The first major finding of this study was that the strength improvement was significant exhibited in the BT group as well as the RT group. These results were consistent with those reported by other studies [33,34]. O’Driscoll et al. [33] reported that 6 weeks of BT for college students with functional instability improved not only the proprioception but also the of the strength ankle joint. There are several possible explanations. First, this finding can be attributed to the training transfer effect, which is a term frequently used in motor learning. The training transfer effect refers to how current learning affects other learning, and both positive and negative transfer effects are possible [35]. This present study results can be explained on the basis of the static transfer effect. A study conducted on prepubescent children reported that BT for 4 weeks improved not only balance but also strength, which supports this explanation [36]. The second explanation is the result of stimulating various muscle fibers and nerves around the ankle for BT. Prior electromyography studies have shown that BOSU training has an effect on muscle activation of the tibialis anterior, peroneus longus, and medial gastrocnemius [34]. Moreover, the duration of the BT, which lasts about 20 min, may also improve strength of ankle. Muscular strength and endurance would have contributed to continuing the exercise while standing on an unstable ground with one foot, As the last explanation, natural recovery may have occurred over time. Depending on the wound healing process, when inflammation and pain subside, functional improvement can be induced [37]. A control group is needed to ascertain effect of natural recovery. However, the lack of a control group is a limitation of this study.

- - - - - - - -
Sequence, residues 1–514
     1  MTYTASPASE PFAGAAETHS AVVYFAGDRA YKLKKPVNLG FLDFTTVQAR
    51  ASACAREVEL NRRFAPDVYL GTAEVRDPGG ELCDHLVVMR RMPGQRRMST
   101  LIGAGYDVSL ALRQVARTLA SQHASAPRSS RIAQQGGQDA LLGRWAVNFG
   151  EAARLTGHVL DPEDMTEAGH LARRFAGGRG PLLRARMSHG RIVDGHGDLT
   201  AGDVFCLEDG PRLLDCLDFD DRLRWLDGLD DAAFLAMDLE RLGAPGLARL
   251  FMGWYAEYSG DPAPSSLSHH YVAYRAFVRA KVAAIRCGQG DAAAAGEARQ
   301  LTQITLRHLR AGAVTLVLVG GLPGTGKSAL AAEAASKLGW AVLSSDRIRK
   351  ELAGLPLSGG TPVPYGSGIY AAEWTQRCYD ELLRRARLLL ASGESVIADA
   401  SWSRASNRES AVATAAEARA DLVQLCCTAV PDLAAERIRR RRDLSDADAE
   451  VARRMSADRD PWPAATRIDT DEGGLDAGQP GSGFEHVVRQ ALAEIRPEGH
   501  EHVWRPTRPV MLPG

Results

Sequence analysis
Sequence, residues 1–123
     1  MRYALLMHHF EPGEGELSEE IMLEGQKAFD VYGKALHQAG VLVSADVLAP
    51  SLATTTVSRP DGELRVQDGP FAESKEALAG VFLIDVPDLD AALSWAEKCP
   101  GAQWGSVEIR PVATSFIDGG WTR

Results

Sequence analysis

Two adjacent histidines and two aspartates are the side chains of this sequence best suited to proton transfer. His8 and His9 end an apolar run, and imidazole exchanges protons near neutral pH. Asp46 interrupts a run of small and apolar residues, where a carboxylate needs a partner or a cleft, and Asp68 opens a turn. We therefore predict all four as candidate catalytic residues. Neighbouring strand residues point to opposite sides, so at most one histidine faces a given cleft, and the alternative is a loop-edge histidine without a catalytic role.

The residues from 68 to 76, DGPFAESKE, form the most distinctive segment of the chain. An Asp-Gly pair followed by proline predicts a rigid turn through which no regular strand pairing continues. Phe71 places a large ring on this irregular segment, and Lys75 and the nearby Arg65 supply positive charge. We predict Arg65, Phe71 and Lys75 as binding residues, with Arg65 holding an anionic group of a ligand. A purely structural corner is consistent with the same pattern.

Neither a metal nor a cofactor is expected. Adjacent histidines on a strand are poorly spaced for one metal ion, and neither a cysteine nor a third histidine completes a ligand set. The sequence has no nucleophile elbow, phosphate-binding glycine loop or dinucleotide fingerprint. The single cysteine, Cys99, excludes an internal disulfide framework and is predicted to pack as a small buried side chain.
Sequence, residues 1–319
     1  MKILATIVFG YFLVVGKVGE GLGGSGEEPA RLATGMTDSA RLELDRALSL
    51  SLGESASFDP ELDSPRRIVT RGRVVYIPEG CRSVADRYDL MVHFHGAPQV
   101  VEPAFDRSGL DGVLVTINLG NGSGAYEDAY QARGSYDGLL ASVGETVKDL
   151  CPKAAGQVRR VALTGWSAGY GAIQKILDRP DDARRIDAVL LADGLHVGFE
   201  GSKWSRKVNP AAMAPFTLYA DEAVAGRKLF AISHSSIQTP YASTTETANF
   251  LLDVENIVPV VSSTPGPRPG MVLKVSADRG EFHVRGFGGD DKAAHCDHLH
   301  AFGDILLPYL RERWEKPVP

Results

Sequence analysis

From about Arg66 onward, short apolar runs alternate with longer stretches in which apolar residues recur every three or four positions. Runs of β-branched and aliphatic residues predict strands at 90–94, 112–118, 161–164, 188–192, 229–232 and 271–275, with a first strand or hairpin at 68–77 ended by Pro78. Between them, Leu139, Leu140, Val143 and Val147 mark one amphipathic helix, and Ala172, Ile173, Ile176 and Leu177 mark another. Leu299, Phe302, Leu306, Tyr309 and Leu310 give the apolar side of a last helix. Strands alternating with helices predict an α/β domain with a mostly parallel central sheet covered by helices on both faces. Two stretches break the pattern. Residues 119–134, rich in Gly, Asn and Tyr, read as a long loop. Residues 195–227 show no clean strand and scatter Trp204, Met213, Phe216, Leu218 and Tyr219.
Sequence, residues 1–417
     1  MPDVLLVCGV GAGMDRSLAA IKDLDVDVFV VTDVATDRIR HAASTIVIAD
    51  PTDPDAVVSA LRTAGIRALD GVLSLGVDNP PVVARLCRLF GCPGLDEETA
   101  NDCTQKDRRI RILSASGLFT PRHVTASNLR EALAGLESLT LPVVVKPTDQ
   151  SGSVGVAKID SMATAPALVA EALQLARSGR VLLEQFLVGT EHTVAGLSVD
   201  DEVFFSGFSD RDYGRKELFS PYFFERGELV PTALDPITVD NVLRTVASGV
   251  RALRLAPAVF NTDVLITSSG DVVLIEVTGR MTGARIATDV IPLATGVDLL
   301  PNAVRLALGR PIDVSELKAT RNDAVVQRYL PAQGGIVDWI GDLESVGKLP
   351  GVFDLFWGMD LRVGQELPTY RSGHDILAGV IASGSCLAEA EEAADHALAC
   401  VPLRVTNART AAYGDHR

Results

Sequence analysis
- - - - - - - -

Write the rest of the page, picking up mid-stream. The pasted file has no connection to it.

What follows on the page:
The second main finding of this study is the improvement of the RT group’s balance ability. Similar to this study, several studies have reported improvement in balance through RT [38,39,40,41]. Lee et al. [41] reported that the elderly had improved balance through 12 weeks of lower limb RT. Kibele et al. [42] conducted an investigation over 7 weeks that compared traditional RT and unstable RT with a gym ball. It was reported that both groups improved not only strength but also in balance ability. Additionally, the relationship of ankle, knee, and hip joint strength and YBT ability further support the above explanations [43].